Jewelry photography – day 6+ (Updated)

SDIM1222.jpg

Here’s a short wrap up on how far I’ve come to date. I now actively use my home built opal plastic tube thingi that some of you have seen and I want to thank Ted who gave me the idea (the round shape that was). Also a big thanks’ to all of you that gave suggestions and comments in my “HELP ME” post – for you that missed it, please visit and read. Great comments!

On the right is my original sketch of how I thought the opal stuff could be used and my setup right now more or less looks the same, although I only use three light sources – One from beneath as the picture show and one from the left and the big soft box from right, tilted 45 degrees. So it’s not exactly as the sketch but very close.

Here is the video I made that shows how I built the box.

And yes, it’s very irritating that the video size came up wrong – Mom looks fat! :D I tried to use the built in uploader within ScreenFlow – but as you see it doesn’t cope well with my wide screen iMac. I better export using x264 in the future as well.

I also try to eliminate the need to paint those rings – and by painting I mean using the curve tool and then paint in Photoshop using the brush – which you need to do if you have bad reflections – and with this setup I more or less eliminated any unwanted, unfriendly reflection. The thing that looks like a light source is actually a white paper thing that I put inside to give a shape. (Clive). I’m still experimenting.

In order to make it look as goldish as possible I needed to see gold because these rings are all made out of different materials – and has slightly different tones of metal color – kind of goldish but often not so I have to work on each to make them look kind of the same. Although I do feel that I over did it some on these below. I used this shot / illustration as gold model.

All images developed and edited using Photoshop Lightroom 3 and Photoshop. No painting this time – I might do that with the final thing but I’ll try to avoid it as much as possible. ISO100 used. Might change back to ISO50 as it’s MUCH denser to work with.

I have some left to do, but something tells me that the hardest part is behind me now.

Here’s a second movie about the set in action. :)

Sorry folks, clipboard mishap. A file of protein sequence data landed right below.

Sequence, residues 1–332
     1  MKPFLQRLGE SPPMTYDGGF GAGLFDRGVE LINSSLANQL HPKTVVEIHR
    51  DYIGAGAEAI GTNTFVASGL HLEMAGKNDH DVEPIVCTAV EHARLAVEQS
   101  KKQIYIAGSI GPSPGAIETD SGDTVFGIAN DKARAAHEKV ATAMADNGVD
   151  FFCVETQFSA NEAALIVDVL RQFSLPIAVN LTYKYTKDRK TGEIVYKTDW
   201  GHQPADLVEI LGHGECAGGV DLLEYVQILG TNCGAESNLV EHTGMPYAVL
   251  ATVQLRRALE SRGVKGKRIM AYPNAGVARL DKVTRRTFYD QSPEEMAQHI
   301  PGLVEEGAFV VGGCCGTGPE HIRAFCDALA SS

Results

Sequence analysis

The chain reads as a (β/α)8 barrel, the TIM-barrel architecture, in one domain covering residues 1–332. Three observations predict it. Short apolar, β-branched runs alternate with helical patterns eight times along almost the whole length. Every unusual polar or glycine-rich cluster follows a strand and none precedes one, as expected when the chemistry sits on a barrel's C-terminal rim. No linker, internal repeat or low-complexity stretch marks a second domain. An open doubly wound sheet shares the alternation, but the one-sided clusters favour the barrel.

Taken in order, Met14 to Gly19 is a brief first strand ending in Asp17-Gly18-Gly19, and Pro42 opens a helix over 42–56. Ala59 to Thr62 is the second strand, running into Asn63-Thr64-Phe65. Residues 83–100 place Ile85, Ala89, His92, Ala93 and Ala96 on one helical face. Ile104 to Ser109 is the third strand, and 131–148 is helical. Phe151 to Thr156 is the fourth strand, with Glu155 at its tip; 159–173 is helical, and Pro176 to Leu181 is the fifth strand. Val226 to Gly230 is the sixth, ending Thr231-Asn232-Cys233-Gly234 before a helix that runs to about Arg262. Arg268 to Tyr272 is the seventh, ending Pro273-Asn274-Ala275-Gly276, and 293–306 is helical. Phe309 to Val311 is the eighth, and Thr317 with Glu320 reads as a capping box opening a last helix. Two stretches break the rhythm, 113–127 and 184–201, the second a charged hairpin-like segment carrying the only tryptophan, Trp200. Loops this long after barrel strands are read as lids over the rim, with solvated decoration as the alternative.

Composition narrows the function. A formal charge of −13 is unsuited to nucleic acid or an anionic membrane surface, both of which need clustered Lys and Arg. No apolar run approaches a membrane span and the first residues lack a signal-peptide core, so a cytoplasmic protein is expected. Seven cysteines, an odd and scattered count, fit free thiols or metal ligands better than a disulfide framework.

About Carl Rytterfalk

Welcome to my blog! I'm Carl Rytterfalk, a swedish photographer who loves everything that is interesting in the world of photography. In 2002 I fell in love with the three layered Foveon sensor and has since then been an addicted user of Sigma cameras. Though I use Canon and Nikon as well. :)
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17 Responses to Jewelry photography – day 6+ (Updated)

  1. Their looking great! At least now there are no visible reflections of you :)

  2. Clive says:

    Carl, this is all looking much better, and sounds very much more in your control – happy for you.

    For my taste, would soften the remaining dark areas, which I think are the corners of the ‘roof’ of your opal enclosure.

    How? Maybe just some external lights on those edges where they are important, so that their natural shadow is reduced.

    but anyway, you have things where you can handle them. Great.

    Best from late, and this is answer for your last page, since you gave more examples here. Wonderful what the community could offer here, and I did some 3d playing as well — not to the level these guys could ;)
    Clive

  3. Hi Clive, thanks, I’m trying hard to get a mix between soft and shape – something that tells that the ring has a glossy surface – if it has. :)

    This is one of my latest tries. From now I need to get started with the “real” thing. No more tests. White gold.. The tough part is to get the same angle on all – the surface is quite slippery.

    [img]http://www.rytterfalk.com/wp-content/Screen shot 2010-09-09 at 14.42.29.jpg[/img]

  4. Clive says:

    Hei, Carl. On this one I can really see how much you are now in control, and ‘trying things’.

    My part in liking the toned down contrasts is there. The rest, as far as what shape qualities, angles, etc., I think is really down to you and the jeweler – finding what you are both pleased with.

    I can see how much you are in the creative phase there, so won’t say more ;). I know that creative phase is where you like to be, and we always enjoy the results.

    Best, Carl.

    Clive

  5. Hanna S says:

    缘分!And typically Kalle. I have just recommended you to a jewellery artist I know who needs pictures taken – without knowing that you had actually prepared yourself for jewellery photography!
    Please get in touch.

  6. Carl says:

    Hi Hanna! :D I think I will..

  7. thanks for your help!
    [img]http://www.rytterfalk.com/wp-content/SDIM2294.jpg[/img]

  8. Anonymous says:

    [img]http://www.rytterfalk.com/wp-content/SDIM2295-ret.jpg[/img]

  9. massimiliano amadori says:

    [img]http://www.rytterfalk.com/wp-content/DSC_1628-1.jpg[/img]

  10. Anonymous says:

    take a look of it

  11. Philippe says:

    Hi Carl,

    You should visit this web site of a talented ukrainian photographer :

    http://www.akelstudio.com/blog/mastering-jewelry-photography-my-experience-with-a-shooting-cone/#more-3426

    Regards

  12. korkmaz says:

    Hey buddy

    Just wanted to ask how did you connect all the receivers together? Are they all same brand? I’m having trouble with connecting my elinchrom trigger to yongnuo 602 receiver to use my bx500ri’s and 430ex ii together. do you have any idea?

  13. James Cooper says:

    If white background can be used then its not required to do much post processing task I guess.

  14. Nasrin says:

    Perfect jewelry photography technique, our many photographer follow this technique.

  15. Salim Ahmed says:

    Helpful post i’m glad to here. Thanks for sharing a professional post.

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